Self-inking stamps solve an issue that is presented with pre-inked stamps in the most elegant and sophisticated way possible. They don't create a mess, they aren't hard to handle, and are particularly useful if you have a toddler or kid roaming around with potential access to your stamp, this is so because try as they must, when they do get their hands on the stamp the kids can't possibly case as much a problem as they could have with a dish of ink ready for them to put their fingers in and create an inky travesty for you to clean up later. This is so because the ink plate or ink cartilage is inserted into the stamp and is not that easy to access, this however does mean that when it comes time to change the ink cartilage one might become a little worried as to how to properly do it without creating a mess. Let's look at the proper steps that need to be followed for most self-inking stamps out there: 
 
Step 0: Do not change the cartilage unless you need really need to:  
 
The ink cartilage is set precisely inside the stamp as it should be simply because there is no need for it to be constantly taken out and inserted back in. You should only remove the cartilage in case you really need to. These circumstances include when the ink runs out, when you need to change color or when you no longer plan on using your stamp. 
 
Step 1: Lock the self-inking stamp:  
 
Locking the stamp is one of the most secure ways of making sure you do not create a mess. Ink can leave a very tough stain to remove therefore it is essential for you to lock the stamp in place by slowly pressing the buttons on the side of the self-inking stamp in unison. After locking the stamp, make sure you try to press the stamp to make sure the lock is in place.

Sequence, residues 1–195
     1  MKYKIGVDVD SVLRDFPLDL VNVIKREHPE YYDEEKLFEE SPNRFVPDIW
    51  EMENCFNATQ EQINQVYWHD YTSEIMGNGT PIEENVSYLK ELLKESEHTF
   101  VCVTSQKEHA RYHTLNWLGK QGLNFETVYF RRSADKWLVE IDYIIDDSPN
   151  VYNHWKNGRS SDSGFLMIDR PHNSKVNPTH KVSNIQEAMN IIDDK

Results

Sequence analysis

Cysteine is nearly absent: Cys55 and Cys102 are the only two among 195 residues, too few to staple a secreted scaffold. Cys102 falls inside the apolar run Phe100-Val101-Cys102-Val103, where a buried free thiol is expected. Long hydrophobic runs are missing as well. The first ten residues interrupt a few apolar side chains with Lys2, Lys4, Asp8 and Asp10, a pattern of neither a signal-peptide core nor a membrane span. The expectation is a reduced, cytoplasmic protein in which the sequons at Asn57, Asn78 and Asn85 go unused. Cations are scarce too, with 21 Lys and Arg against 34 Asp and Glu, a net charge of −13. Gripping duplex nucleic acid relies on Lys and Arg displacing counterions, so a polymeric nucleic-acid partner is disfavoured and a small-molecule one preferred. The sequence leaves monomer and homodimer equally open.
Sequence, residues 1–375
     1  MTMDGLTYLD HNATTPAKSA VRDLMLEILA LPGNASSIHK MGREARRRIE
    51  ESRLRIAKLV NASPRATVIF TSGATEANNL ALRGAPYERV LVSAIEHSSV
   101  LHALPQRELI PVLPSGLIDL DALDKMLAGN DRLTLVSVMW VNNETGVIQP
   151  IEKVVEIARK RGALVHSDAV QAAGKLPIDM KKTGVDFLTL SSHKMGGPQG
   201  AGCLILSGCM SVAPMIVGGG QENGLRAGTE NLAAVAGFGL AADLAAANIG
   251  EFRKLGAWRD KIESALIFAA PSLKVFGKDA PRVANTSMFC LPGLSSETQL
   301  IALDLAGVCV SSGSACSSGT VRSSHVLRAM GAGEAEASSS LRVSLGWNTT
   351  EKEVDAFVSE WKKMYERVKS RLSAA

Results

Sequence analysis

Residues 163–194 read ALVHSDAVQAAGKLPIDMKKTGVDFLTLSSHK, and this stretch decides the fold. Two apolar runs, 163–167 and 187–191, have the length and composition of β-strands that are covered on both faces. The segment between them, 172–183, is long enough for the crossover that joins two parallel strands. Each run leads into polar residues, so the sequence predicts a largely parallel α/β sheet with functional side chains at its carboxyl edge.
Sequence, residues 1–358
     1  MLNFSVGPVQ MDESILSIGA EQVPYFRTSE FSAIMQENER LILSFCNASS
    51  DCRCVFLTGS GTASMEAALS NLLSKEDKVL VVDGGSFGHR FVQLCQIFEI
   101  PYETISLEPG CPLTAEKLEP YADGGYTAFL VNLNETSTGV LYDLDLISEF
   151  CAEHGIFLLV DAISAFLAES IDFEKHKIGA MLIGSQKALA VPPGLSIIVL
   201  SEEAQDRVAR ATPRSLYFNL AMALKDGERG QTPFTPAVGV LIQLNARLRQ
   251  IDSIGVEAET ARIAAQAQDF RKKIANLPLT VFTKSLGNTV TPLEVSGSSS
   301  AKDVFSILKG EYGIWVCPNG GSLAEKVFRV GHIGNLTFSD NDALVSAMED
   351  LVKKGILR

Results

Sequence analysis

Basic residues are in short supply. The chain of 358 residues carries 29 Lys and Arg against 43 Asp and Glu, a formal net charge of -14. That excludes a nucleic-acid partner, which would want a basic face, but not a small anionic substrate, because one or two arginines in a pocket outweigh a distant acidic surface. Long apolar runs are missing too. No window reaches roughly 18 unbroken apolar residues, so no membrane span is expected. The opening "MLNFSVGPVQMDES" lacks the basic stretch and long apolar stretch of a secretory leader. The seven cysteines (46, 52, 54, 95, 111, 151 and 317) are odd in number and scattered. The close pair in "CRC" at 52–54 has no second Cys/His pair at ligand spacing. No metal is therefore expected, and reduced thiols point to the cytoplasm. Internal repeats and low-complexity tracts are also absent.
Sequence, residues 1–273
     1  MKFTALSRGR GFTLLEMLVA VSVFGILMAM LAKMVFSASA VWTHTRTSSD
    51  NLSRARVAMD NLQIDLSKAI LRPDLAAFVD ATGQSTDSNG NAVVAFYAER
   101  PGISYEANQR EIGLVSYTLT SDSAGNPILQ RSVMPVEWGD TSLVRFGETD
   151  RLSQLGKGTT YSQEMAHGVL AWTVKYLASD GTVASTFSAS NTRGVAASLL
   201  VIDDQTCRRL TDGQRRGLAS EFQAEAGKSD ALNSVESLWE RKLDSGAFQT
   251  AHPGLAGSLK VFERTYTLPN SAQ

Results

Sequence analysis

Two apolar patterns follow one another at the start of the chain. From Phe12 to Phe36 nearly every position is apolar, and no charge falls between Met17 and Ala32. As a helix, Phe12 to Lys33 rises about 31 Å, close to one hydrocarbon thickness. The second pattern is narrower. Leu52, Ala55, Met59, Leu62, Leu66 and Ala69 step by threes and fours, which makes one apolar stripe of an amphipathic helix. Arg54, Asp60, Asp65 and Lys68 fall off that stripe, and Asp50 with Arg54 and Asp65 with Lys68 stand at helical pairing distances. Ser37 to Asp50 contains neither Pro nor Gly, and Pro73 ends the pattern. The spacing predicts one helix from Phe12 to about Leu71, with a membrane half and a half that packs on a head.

Step 2: Carefully push the ink cartilage at one of either side: 
 
After placing the lock you can now safely start removing the ink cartilage of the stamp. One method would be to push the ink cartilage right at the dead center of it but this can risk spreading ink of the cartilage by accidentally pushing it out completely and it falling down. What we recommend is you push on either side of the cartilage and let it slowly "poke out". As soon as one side is completely out you can slowly start pushing at the other side till there is enough room for you to take it completely. 
 
Step 3: Unwrap the new cartilage and insert it: 
 
It would not be advised to open the new cartilage until you are ready to replace it with a self inking stamp. This is so because of the usual threat of ink being spilled all over the place as well as the ink being exposed to direct sunlight or water, ruining the cartilage. As soon as you remove the old cartilage, unwrap and insert the new one by placing it into the slit and pushing it at the center with your thumb, make sure you use your fingers to close the back opening so it doesn’t pop out.